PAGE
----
The United States says it will continue pressing the U.N. Security Council to adopt a statement critical of North Korea's recent nuclear moves. A council meeting on the issue Wednesday ended inconclusively, with China opposing any statement faulting Pyongyang.
The Security Council could not agree on a statement and no date was set for a resumption of the debate. But the State Department said it was only the first of what it hopes will be several meetings on the issue, and it continues to press for international condemnation of the North Korean nuclear program.
The issue was referred to the Security Council by the International Atomic Energy Agency this, after North Korea announced earlier this year it was expelling IAEA inspectors from its Yongbyon nuclear complex and withdrawing from the nuclear Non-Proliferation Treaty.
In Security Council deliberations, both China and Russia are understood to have opposed a statement criticizing Pyongyang, contending it would only complicate the situation.
However State Department spokesman Richard Boucher said the United States believes U.N. action would be "timely and appropriate" and said he hoped council deliberations will eventually yield a statement.
"We do believe the council should act to go on record opposing North Korea's nuclear actions and warning against further provocations," he said. "The council is charged with issues of international security such as this matter. It needs to unite to produce an effective response to North Korea's actions that challenge the Non-Proliferation Treaty, the safeguards agreement, as well as many other agreements that North Korea had."
The United States, backed by permanent council members Britain and France, has pursued a middle course at the U.N., seeking a statement, rather than formal resolution from the Security Council, criticizing North Korea.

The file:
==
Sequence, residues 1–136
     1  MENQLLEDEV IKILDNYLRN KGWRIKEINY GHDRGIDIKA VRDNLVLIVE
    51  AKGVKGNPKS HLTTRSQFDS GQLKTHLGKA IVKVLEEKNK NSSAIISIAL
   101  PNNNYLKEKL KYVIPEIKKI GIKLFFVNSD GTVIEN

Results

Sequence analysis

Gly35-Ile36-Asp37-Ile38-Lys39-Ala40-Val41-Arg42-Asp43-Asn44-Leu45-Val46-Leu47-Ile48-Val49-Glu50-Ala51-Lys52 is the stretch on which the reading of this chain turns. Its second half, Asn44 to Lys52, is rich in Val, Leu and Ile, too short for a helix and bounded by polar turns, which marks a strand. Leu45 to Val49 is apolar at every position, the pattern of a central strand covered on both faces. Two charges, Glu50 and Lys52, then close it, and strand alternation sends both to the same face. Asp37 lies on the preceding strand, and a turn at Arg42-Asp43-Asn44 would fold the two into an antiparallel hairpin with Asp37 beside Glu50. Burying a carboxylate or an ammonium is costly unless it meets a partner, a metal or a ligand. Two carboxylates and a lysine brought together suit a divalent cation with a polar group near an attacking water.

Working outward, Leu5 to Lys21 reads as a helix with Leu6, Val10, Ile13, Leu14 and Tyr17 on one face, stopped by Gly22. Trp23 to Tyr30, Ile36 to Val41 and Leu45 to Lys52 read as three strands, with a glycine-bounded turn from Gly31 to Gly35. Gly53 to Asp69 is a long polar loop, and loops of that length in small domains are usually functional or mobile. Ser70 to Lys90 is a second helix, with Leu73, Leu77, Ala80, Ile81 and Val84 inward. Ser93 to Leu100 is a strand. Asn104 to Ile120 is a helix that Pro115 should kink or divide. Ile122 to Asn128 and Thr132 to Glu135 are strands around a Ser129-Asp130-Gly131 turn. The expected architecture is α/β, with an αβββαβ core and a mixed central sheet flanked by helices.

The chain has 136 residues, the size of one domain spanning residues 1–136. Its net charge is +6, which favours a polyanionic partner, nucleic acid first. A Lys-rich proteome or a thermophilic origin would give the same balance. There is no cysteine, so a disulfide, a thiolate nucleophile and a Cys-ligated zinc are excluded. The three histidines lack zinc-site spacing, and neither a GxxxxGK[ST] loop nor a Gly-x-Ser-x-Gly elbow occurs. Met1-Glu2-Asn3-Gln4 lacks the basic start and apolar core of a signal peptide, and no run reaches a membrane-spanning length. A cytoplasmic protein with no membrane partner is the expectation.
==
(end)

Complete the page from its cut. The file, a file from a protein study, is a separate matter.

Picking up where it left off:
It has also ruled out any early pursuit of sanctions against North Korea, which that government has said would be tantamount to an act of war.
In his comments here, spokesman Boucher avoided direct criticism of China, despite its lead role in opposing Security Council action.
Officials said privately Beijing has been helpful in behind-the-scenes contacts with North Korea, which has retreated somewhat from its aggressive posture in recent weeks and has not begun to reprocess spent nuclear fuel at its reactor complex.
Pyongyang has demanded a non-aggression treaty and direct talks with the United States as a price for rolling back its nuclear moves, while the Bush administration maintains the issue is of regional concern and that talks should involve other affected parties including China, Russia, Japan and South Korea.
In what may be a sign of easing tensions, U.S. officials met North Korean diplomats last week at the United Nations, which has been a venue for periodic working-level contacts between the sides.